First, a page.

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dc.contributor.authorEdmunda, Emmeen_US
dc.date.accessioned2009-10-09T13:40:14Z
dc.date.available2014-10-09T06:23:48Z
dc.date.issued2009-10-09T13:40:14Z
dc.identifier.otherbibid: 6711610
dc.identifier.urihttps://hdl.handle.net/1813/13757
dc.description.abstractThe current state of publicly funded family planning (FP) in New York State has been shaped by a history of diverse women's needs, the efforts of charismatic individuals and successful social movements, the development of agencies, and most recently, negotiated legislation, funding and policy changes on federal and state levels. In this study, FP advocates and providers are interviewed about their work in order to discern their meaning frames. Goffman's frame analysis is referred to, as it has been elaborated by Benford, Snow and others in social movement scholarship. This research introduces an analytical device called a social lineage. The Margaret Sanger lineage triangulates with interview narratives involving inclusion of diverse women in FP access and decision making and the recognition of reproductive and sexual health as human rights. Interview questions focused on the changes and subsequent impacts in the last 10-15 years of FP related policy. Two dominant themes in the interviewees' answers are identified: a commitment to provide services to diverse and marginalized groups of women and families, and concern over ideological barriers to service and information provision.en_US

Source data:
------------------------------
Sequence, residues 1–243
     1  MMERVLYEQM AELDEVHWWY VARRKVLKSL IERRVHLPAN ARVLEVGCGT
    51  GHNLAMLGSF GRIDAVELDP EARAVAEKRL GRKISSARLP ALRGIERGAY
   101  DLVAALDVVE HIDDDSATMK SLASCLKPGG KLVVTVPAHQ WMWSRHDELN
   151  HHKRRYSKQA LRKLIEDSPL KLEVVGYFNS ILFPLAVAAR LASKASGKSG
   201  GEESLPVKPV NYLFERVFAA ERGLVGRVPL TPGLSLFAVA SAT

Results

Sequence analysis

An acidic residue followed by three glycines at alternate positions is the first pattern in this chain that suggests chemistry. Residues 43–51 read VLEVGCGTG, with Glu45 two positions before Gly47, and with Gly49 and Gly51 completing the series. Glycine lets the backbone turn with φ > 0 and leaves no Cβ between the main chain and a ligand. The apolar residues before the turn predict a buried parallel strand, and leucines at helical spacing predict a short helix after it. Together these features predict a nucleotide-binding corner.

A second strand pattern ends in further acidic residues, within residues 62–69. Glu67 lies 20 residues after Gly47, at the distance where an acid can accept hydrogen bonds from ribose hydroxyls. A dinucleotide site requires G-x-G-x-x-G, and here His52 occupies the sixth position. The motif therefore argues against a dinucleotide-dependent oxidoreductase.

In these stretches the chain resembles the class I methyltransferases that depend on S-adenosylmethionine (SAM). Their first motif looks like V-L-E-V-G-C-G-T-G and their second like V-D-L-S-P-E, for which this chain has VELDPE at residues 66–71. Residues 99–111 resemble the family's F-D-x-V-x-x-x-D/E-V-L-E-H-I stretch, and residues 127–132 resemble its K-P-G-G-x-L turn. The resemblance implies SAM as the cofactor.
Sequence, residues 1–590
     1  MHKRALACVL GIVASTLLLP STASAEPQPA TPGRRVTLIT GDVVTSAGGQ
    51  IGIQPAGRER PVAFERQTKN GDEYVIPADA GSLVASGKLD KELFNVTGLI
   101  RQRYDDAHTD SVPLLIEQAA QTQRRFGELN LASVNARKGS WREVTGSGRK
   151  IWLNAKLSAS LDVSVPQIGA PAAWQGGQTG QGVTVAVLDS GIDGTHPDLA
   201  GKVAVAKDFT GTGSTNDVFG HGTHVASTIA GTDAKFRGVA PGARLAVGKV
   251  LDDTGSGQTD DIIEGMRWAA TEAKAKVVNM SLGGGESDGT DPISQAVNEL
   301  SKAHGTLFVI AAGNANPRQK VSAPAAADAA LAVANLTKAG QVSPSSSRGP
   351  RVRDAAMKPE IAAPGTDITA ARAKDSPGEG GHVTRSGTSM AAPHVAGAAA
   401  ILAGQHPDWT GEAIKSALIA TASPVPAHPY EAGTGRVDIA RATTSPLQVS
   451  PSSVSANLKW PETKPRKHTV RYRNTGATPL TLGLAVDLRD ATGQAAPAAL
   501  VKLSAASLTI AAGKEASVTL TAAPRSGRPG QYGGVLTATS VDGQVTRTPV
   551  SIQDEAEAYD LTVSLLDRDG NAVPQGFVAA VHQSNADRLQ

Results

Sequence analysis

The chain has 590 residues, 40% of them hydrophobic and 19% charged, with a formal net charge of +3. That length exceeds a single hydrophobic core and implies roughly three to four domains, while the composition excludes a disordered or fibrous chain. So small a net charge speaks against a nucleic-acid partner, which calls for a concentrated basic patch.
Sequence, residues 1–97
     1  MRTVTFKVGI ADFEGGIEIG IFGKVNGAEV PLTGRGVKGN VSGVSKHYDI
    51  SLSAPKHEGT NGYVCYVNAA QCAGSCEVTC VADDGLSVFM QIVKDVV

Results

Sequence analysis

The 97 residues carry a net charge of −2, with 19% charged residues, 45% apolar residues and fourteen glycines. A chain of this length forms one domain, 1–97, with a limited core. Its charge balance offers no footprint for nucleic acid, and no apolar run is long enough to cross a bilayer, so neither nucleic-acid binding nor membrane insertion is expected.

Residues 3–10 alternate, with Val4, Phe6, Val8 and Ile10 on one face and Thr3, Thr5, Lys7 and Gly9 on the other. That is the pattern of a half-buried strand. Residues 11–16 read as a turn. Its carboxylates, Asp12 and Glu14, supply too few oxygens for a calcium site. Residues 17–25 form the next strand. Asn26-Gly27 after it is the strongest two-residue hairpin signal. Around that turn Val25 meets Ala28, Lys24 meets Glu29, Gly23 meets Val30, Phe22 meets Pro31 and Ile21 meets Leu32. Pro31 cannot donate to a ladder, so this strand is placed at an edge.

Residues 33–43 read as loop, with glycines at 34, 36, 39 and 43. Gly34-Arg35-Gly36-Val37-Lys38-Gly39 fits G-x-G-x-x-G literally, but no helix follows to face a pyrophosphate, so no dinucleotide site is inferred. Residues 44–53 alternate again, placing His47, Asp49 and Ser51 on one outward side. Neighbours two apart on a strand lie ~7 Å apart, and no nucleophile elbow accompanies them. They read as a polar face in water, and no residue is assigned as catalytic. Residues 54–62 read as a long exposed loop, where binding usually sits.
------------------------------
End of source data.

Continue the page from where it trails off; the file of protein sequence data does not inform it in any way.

dc.language.isoen_USen_US
dc.titlePublicly Funded Family Planning In New York State: Social Lineage, Qualitative Interviews, And Human Rightsen_US
dc.typedissertation or thesisen_US


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